There is nothing more surreal and eerie than a once-thriving settlement lying abandoned for centuries. All over the world, there are well-preserved towns and ruined cities where life seems to have simply stopped in its tracks. Although spooky, such ghost towns are part of mankind’s legacy; they are testaments of the past and reminders of great eras that have gone by.
One would have never imagined that someday, some of these old and historic abandoned towns would turn into World Heritage Sites. From a former South American mining town to an archaeologically important Mughal settlement in India, learn the stories behind some mysterious, fascinating and eerie abandoned towns which are now classified as heritage sites.
Around 4000-odd, mostly roofless white-coloured homes sit on the slopes of the Taurus Mountains, 6 km west of the beach town of Ölüdeniz, Turkey. This is the war-torn town of Kayakoy, which was originally built as Karmylassos (other names Lebessos, Lebessus and Livissi) in the 18th century and is a former Greek colony inhabited by Greek Orthodox Christians until 1922. The resounding defeat of the Greeks in the Greco-Turkish War and the fallout of World War I resulted in much violence and reckoning. As a result, the residents of Karmylassos were forced to abandon their homes overnight and find their place in modern Greece.
As part of the refugee-exchange, Muslims fled from Greek Macedonia to settle in modern Turkey. However, being used to verdant fertile areas of their former homes, they found the region around Karmylassos rocky, hilly and unfit to live, and abandoned the area for greener pastures. The earthquake that shook the region in 1957, along with decades of neglect, has left Kayakoy (now called by its Turkish name) in its current state. The town was adopted as a UNESCO World Heritage Site and a ‘Friendship and Peace Village’. Today, it remains a timeless and crumbling monument to Greek-Turkish peace.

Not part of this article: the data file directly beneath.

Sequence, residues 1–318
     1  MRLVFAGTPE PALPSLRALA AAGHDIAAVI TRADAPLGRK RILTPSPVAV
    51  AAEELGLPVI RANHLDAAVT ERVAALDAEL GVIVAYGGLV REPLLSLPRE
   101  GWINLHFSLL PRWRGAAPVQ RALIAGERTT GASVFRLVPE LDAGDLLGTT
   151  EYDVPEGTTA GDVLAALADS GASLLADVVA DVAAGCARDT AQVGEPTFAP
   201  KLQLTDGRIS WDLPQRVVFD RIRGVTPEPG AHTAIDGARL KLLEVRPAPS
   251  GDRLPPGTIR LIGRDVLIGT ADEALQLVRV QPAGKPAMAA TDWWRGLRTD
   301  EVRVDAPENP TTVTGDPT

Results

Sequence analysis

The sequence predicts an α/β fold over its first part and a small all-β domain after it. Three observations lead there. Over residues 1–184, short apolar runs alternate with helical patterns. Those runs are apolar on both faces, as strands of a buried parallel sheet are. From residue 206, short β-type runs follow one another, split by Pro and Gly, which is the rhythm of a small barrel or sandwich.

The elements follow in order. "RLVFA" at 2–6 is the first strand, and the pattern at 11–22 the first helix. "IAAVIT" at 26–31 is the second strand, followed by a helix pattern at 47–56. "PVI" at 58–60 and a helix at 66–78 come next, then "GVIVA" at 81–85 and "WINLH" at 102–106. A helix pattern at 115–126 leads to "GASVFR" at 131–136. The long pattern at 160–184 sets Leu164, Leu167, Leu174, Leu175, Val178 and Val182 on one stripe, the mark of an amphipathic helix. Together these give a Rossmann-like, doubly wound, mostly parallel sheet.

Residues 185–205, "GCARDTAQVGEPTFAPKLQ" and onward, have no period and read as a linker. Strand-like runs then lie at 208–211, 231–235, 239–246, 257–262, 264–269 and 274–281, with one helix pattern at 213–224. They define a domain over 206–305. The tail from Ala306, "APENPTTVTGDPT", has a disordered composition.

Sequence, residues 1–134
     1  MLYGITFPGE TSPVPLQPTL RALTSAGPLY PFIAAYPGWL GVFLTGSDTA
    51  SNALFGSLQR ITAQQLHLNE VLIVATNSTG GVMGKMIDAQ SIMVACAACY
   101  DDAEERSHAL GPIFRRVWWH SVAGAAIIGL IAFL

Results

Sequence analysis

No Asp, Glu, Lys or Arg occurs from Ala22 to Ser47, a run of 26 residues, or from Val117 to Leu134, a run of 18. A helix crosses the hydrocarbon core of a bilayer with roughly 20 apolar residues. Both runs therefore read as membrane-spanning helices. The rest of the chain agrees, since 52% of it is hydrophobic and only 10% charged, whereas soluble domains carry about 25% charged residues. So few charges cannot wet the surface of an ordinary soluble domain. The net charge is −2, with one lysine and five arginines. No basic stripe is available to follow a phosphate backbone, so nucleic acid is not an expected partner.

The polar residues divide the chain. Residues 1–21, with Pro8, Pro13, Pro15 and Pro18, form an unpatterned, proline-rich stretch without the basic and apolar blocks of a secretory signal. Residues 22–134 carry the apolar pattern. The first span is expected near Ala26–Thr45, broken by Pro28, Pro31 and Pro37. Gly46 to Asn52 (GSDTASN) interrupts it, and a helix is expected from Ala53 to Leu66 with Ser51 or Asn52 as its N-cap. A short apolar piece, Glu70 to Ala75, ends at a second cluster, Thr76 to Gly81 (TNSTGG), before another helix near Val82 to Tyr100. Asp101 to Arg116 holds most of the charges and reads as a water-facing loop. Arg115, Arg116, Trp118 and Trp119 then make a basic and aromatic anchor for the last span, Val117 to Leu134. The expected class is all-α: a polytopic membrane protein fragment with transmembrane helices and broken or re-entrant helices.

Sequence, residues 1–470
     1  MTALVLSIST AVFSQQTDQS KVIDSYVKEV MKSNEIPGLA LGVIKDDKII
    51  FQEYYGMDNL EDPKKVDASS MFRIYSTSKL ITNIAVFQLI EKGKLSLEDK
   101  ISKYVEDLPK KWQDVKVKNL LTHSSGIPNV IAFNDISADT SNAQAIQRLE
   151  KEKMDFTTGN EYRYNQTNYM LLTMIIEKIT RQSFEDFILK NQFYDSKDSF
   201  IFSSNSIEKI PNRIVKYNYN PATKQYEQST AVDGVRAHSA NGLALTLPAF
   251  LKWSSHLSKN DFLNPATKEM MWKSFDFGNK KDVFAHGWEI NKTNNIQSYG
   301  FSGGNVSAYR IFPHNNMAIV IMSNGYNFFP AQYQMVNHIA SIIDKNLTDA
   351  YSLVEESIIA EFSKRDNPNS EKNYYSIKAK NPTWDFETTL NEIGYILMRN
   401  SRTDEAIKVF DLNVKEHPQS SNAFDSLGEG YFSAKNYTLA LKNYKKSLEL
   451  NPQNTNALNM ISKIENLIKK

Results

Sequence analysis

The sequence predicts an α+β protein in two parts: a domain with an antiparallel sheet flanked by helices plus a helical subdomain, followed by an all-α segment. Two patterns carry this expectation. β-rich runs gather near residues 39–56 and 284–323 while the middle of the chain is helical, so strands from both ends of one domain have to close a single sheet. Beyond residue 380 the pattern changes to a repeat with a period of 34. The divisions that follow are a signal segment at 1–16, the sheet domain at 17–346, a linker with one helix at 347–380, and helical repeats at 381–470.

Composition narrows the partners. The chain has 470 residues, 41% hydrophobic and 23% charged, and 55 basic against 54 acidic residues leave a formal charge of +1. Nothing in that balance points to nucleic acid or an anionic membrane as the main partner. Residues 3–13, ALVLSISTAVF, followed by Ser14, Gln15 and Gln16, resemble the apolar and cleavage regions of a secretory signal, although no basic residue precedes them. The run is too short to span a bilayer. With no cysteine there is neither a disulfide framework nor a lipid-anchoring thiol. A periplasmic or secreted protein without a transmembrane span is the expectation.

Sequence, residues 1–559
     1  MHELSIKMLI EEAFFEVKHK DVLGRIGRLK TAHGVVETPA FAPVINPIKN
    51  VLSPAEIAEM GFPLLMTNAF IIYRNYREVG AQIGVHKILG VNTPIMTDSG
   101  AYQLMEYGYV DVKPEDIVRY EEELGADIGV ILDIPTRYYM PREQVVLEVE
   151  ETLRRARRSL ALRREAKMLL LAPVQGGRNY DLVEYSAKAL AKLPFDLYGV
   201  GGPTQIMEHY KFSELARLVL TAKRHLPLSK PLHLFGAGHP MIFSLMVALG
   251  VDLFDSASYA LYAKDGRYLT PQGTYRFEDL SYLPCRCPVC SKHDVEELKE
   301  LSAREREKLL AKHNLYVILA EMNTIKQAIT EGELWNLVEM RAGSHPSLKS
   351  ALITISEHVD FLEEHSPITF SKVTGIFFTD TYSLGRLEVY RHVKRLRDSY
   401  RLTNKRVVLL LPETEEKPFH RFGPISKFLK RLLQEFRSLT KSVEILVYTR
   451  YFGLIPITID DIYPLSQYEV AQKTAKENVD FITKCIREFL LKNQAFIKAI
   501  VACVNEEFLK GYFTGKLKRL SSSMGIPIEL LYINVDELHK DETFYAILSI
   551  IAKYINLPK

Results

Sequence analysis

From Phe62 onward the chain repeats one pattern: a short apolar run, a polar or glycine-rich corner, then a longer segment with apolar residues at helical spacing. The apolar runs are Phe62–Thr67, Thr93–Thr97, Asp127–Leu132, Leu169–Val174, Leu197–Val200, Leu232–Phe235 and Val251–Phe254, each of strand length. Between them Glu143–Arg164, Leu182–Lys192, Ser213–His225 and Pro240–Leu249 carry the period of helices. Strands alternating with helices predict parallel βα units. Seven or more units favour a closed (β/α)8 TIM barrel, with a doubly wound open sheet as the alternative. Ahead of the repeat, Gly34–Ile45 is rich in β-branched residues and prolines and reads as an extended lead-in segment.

Although there have been talks of restoring Kayakoy, many people are against it. However, this modern ghost town has had it fair share of fame, having been the setting for Louis de Bernieres’ novel ‘Birds without wings’ and a filming location for Russell Crowe’s upcoming World War film ‘The Water Diviner’.
- Craco, Basilicata, Italy
On a 1,300 feet cliff amidst the intensively erosive Badlands of southern Italy, a striking, sand-coloured ghost town looms over the Cavone River Valley. This is the medieval town of Craco in Basilicata, Italy, which today looks more like the lair of vampire royalty than anything else.
Established as ‘Montedoro’ around 540 AD by the Greeks, the affluent town of Craco passed down from feudal lords and various rulers to an independent municipality in the early 1800s. While the town survived volcanic eruptions, centuries of wars and a long line of diseases, it took all but a landslide to bring it down. In the mid-20th century, the town began facing intense landslides, floods and earthquakes. Due to poor agricultural conditions, most of the locals left the place looking for greener pastures. By the 1980s, Craco had been abandoned completely.
Today, the cobbled streets and imposing homes of Craco are largely uninhabited, and what is left of the population resides in the safer part of the city down the hill. The town is literally under lock-and-key, and can be accessed only partially via a guided tour. In 2010, UNESCO and the World Monuments Watch declared the Craco as one of the World’s Treasured Monuments and Heritage Sites.
Today, Craco is a shell of its former glory, standing as a painful reminder of forced abandonment.
- Abu Mena (Abu Mina)